We knew better than to say never again.

Because our “forever house” kept changing.

Because I grew up with changing definitions of home.

Because there are no guarantees in life.

When we bought our first house in Hobart, Indiana, we knew that it wouldn’t be our forever home. We were in our early 20s and children were down the road. We bought a house that we believed we could grow into, but we didn’t really believe that we would want to stay there forever.

Then when we moved to Indianapolis, Indiana, we bought a true “starter home,” a house that I worked hard to make ours and a house that my husband never loved. The plan had always been to buy a bigger house when we had more than one kid and make that our forever home.

That is probably why, when we found ourselves transferred to Fort Wayne, we searched for the house that would become our forever home. I didn’t want another transition, neither of us wanted to once again do the work that moving required, and we found a house that was a mess but plenty big enough for a growing family with a lot of potential to make it our own.

So when we made the decision to turn our lives upside down and move halfway across the country to Texas, we were clear that we were never moving again. We spent six weeks living in our camper as a family of five (four humans and a dog) and even though we had movers to move us out of our Fort Wayne house and carry our stuff one thousand miles, we weren’t that lucky when we moved into our new house on Labor Day weekend. With help from two friends, we took multiple trips between the tightly packed storage unit and our new house, only to have the skies open up on us on our last load, causing our cheap bookshelves to collapse after being doused by rain.

We weren’t going to do it again.

We should have learned from An American Tail to “Never say never again.” Seriously, we should have. Because when our lives got turned upside-down and I suddenly had to re-evaluate everything I thought I knew about what our lives would be, I fought that nagging desire to move back “home.” I fought it with everything I had. I didn’t want to leave our house. I didn’t want to turn our kids’ lives upside down. I didn’t want to deal with all of the hassle of buying and selling and packing. I didn’t want to run away from the very things that were causing me daily heartache.

But we made the decision anyway. It seemed impulsive. It seemed like we hadn’t thought things through. It seemed like we didn’t really know what we were doing. But we did. We were just finally giving in to the very thing that had been staring us straight in the face for months.

But even knowing that you were doing the right thing doesn’t change the fact that moving sucks.

Leaving behind beloved landmarks sucks. Packing up a house that you invested both money and personal labor into making it a home, sucks. Saying goodbye to friends and neighbors who have become “your people” sucks. Watching your kids grieve for lost friends and things, sucks. Finding new doctors and dentists and fulfilling all other medical needs, sucks. Searching for new places to shop and eat and make a part of your regular life, sucks.

We moved ourselves, and if it hadn’t been for my mom flying down from Michigan to help us pack, we don’t know that we ever would have gotten out of Houston. We moved ourselves into our new residence after waiting an extra two weeks for our stuff to arrive at our house which we put an offer on before we ever had a chance to see it in person. I started my new job 12 hours after arriving at my sister’s house, where we stayed for an extra night while we tried to get ourselves situated at a RV campground that made us even more eager to sign for our new house. My husband argued with mortgage lenders to ensure that our closing happened on time so we could get situated into a place where we could each have our own space, even though we wouldn’t have any of our stuff for at least another week. Our dishwasher broke as soon as we moved in and so the mess that our house was going to become once we had our stuff became exacerbated by the fact that our kitchen was overflowing with dirty dishes if we decided to cook at home.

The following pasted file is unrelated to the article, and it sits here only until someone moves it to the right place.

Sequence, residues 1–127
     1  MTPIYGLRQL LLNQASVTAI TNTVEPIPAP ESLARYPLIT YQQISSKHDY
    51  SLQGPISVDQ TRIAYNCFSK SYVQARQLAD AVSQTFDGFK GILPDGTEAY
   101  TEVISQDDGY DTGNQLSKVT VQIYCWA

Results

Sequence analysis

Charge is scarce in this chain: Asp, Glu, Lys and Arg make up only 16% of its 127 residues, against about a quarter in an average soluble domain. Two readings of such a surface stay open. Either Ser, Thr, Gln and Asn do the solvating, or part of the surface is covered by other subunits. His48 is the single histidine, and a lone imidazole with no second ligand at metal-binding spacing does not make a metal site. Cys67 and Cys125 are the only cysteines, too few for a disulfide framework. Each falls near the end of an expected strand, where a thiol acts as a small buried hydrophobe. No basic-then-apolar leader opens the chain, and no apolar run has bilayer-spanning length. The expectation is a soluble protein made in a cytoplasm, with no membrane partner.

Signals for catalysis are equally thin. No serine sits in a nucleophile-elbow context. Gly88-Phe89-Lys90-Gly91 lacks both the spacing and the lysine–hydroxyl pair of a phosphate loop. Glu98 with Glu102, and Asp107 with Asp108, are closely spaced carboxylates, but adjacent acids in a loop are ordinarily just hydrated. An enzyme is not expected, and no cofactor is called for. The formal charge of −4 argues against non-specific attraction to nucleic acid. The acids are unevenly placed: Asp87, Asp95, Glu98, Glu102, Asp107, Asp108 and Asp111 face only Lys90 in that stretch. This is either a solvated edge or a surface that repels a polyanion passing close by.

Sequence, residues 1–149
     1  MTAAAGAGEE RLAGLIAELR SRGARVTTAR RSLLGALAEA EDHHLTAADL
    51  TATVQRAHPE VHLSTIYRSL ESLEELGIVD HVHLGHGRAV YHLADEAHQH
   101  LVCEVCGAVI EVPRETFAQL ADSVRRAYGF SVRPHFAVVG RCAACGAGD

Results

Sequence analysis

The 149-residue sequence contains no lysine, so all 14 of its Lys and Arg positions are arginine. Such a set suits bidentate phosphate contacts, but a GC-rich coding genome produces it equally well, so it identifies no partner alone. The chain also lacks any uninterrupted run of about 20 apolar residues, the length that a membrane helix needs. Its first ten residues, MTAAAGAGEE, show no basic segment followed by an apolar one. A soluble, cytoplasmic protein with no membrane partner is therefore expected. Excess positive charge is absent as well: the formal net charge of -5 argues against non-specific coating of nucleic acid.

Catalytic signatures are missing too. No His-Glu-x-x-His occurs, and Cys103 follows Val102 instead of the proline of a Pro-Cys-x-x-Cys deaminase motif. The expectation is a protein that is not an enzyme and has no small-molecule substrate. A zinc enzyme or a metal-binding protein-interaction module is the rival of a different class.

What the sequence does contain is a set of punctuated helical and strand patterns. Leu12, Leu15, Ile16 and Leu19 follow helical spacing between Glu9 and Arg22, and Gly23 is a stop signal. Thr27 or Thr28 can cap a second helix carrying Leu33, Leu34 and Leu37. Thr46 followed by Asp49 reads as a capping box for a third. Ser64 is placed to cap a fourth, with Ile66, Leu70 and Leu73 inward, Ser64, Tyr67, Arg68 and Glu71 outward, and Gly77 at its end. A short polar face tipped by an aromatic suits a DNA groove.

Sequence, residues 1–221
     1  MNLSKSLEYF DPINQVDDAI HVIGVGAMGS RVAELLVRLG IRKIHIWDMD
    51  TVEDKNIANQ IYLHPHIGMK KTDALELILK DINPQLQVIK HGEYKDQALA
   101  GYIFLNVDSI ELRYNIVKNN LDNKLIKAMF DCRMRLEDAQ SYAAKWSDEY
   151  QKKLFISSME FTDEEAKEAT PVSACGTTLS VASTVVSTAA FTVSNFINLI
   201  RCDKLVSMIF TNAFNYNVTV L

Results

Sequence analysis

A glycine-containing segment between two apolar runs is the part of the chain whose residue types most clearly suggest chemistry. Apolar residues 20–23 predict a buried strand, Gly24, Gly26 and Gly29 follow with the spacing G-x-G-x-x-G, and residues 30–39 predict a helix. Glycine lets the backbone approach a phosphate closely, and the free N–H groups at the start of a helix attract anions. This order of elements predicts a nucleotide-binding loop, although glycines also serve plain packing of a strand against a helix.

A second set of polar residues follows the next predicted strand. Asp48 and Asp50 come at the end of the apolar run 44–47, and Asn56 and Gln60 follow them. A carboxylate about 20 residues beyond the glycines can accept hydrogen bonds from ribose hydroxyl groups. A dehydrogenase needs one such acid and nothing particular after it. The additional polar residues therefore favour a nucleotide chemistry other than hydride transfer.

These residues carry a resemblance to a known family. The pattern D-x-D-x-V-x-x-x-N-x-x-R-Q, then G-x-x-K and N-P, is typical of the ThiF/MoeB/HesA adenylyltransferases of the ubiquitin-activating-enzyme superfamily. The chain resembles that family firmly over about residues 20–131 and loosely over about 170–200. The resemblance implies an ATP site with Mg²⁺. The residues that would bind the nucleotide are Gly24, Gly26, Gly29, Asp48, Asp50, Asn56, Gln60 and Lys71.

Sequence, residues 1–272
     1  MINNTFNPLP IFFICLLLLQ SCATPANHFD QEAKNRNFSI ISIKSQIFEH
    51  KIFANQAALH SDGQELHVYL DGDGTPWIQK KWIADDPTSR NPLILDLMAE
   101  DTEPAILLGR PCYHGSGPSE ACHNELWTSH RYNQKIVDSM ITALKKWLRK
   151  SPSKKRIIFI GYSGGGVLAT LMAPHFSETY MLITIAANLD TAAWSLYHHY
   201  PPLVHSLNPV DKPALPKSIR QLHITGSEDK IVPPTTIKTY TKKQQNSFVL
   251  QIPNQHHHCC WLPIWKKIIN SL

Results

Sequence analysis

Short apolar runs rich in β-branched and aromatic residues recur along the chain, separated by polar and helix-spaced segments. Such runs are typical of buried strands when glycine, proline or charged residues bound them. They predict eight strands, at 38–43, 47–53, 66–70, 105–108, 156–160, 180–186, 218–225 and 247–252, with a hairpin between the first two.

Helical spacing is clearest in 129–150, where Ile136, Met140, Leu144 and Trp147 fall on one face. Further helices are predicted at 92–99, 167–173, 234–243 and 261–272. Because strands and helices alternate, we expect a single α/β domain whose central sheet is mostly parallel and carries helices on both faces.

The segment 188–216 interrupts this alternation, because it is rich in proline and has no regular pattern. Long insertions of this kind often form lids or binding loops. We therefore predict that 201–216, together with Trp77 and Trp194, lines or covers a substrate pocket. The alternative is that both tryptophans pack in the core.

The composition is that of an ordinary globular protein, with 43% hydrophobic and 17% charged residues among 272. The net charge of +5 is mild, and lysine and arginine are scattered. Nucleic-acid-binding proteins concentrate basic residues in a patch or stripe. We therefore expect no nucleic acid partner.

Yeah, we’ve been processing through all of the things related to how much moving sucks.

But now most of the boxes are unpacked. I have five rooms painted to the colors that we want and two more to go. Family photos and wall hangings are finding appropriate locations all over the house. Moving closer meant getting help from a sister and brother-in-law and both sets of parents, all of whom worked to make our house feel so much more like our home so we could get situated earlier.

Yeah, moving sucks, but eventually you get to the other side. There are days when it feels like that will never happen, when it has felt like our house will never be put together and the kids will never adjust to new friends and a new school and that I will be constantly searching for just the right job.

But then we spend a weekend at a soccer tournament with my sister and her family and my daughter glows when she sees her little cousins running towards her as she comes off of the field. Or parents come down for a quick two-day visit and it isn’t a big deal because they are less than a four-hour drive away. Or old friends come over and stay late while our kids finally get to know each other in the way that we had planned our kids would be able to do when we were just entering our 30s and bringing those same babies into the world.

I hate moving. I hate change. But over my lifetime it has brought me experiences and friendships and understanding of the world around me that staying in one place would have never given me.

And remembering all of that makes moving suck just a little bit less, maybe.

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